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Old 10-16-2007, 08:56 AM   #1
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Default OEM temp sensor out of afm

I'd like to know more about my intake temperature, especially after the intercooler. Is there a way to use the OEM sesor out of an old AFM for that? Or does it respond too slow?

I don't need a gauge, I'd like to wire it to the ZT-2 and define a max. Value, so that I get a warning, if intake temperature gets too high...and that I can log the corresponding volt values along with boost level, tps and rpm...

Would that be possible? Does anybody know how the sensor works?
has it two cables (5v in, signal out, or is it only a mass resistor?)
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Old 10-16-2007, 11:06 AM   #2
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Old 10-16-2007, 11:54 AM   #3
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Thanks for the vote of faith, Brainy.

RacingGreen, I went into significant detail in that writeup as to why I didn't re-deploy the OEM AIT sensor in a post-turbo configuration, but I'll give you the short summary. It's too slow.

If you take a look at one of those sensors (and I put several good pictures of one on the link above) you'll see that it is encased in plastic. This protects the sensor, but also prevents it from responding to rapid changes in temperature, such as you would see on the outlet of a turbo, or even after an intercooler.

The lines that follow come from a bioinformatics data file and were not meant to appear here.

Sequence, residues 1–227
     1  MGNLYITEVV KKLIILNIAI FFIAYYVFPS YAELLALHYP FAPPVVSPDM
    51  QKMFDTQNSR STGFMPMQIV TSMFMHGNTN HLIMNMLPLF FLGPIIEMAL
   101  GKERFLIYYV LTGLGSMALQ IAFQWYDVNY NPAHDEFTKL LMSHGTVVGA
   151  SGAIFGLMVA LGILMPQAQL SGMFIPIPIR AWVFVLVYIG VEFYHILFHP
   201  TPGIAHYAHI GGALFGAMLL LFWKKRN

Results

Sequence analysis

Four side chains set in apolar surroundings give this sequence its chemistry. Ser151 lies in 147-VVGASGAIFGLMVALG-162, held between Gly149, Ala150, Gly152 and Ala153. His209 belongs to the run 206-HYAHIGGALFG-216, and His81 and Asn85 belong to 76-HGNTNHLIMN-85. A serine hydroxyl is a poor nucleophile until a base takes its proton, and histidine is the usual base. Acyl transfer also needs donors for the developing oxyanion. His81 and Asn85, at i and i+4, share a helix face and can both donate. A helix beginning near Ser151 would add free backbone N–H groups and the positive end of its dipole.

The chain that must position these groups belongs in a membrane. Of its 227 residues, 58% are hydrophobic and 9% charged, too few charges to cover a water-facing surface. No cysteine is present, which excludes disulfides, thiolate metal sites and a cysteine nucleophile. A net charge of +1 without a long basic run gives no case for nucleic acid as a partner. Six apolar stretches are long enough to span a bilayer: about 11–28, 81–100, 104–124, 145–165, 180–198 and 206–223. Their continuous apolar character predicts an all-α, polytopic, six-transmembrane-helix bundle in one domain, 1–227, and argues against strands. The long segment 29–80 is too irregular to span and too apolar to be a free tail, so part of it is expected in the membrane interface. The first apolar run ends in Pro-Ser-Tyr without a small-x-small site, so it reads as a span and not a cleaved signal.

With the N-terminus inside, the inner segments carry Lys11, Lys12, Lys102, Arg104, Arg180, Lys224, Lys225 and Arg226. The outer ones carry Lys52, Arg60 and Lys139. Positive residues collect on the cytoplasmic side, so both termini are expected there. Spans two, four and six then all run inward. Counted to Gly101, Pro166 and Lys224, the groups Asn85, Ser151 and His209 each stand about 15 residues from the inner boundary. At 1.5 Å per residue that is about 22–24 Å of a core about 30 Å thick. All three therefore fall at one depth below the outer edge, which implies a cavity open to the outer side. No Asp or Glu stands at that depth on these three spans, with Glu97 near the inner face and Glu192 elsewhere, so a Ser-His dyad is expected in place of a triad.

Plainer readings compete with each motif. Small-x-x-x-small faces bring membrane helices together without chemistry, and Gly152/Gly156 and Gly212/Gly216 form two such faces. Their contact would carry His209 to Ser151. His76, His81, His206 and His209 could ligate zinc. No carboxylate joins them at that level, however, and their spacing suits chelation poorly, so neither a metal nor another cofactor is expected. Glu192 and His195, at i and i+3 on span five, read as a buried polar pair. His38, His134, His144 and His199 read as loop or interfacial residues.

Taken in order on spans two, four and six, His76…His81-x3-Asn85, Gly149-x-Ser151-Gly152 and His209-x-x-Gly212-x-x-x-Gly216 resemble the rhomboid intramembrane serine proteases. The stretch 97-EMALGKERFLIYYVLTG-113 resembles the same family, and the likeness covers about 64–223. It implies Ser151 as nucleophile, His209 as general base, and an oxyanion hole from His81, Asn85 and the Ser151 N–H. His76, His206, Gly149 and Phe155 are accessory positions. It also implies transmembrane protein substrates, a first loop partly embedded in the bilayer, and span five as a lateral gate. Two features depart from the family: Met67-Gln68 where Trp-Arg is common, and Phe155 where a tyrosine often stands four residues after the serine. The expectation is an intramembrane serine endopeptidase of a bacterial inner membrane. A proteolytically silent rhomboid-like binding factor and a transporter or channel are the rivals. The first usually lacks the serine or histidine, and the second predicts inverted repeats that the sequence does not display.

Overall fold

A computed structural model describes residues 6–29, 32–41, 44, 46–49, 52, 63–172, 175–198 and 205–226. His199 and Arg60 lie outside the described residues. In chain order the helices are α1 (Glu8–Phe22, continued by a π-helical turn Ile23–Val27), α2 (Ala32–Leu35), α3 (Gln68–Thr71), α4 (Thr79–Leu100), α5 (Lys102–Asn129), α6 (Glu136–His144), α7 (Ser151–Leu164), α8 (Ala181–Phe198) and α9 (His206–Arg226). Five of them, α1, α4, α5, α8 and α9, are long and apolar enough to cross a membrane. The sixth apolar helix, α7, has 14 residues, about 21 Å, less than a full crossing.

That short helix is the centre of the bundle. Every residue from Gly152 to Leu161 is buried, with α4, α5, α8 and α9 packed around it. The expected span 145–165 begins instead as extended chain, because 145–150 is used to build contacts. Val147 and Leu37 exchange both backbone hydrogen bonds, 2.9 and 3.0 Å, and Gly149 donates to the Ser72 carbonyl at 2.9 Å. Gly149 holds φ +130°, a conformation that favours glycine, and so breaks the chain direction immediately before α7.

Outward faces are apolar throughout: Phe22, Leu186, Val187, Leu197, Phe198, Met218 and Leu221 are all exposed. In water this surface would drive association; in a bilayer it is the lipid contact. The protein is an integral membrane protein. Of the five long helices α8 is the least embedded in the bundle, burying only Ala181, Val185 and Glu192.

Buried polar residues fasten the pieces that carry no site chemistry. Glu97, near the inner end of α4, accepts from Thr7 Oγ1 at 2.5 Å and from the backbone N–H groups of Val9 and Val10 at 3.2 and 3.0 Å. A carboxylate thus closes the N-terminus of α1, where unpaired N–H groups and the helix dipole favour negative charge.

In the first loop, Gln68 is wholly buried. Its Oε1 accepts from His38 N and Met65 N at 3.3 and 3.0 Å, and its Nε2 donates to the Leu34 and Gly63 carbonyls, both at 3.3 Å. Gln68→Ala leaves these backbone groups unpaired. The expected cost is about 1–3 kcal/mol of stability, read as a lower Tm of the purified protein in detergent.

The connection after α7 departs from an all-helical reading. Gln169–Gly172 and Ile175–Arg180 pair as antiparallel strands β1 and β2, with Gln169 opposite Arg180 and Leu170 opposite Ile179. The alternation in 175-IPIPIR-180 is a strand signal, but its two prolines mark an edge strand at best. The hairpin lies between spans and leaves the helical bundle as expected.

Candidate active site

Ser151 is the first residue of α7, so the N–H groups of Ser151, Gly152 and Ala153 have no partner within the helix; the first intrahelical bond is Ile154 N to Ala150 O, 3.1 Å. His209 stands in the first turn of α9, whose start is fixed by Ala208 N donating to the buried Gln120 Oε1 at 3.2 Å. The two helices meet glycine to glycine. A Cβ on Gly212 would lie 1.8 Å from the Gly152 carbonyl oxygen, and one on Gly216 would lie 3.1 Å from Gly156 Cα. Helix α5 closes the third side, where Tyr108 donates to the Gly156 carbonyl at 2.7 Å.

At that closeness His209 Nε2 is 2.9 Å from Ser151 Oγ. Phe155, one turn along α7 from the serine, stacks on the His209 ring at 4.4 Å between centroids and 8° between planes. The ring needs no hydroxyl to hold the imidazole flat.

For something like this, you need what's called an open-element sensor. It's basically the same electronics, but without the plastic case. These devices can respond very rapidly to changes in temperature, at the cost of being more susceptible to damage. Here is an example of an open-element sensor of the type used by Megasquirt owners to monitor temperature after the turbo: http://www.diyautotune.com/catalog/o...tor-p-116.html Notice in that picture that you can actually see the metal sensor element inside? That's the difference.

As to how they work, they are simply variable resistors. As temperature increases, resistance decreases. Thus, measurement is usually done by grounding one side of the sensor, applying a regulated voltage through a fixed resistance to the other side, and measuring the voltage drop across the sensor.
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